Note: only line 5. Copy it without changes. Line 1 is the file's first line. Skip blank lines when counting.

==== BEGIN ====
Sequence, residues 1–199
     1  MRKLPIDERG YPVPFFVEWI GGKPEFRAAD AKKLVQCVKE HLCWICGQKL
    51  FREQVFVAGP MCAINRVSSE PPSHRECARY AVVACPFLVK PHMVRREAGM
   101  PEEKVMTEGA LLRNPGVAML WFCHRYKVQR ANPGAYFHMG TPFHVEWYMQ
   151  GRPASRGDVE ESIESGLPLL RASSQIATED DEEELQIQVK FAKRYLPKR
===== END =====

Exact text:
   151  GRPASRGDVE ESIESGLPLL RASSQIATED DEEELQIQVK FAKRYLPKR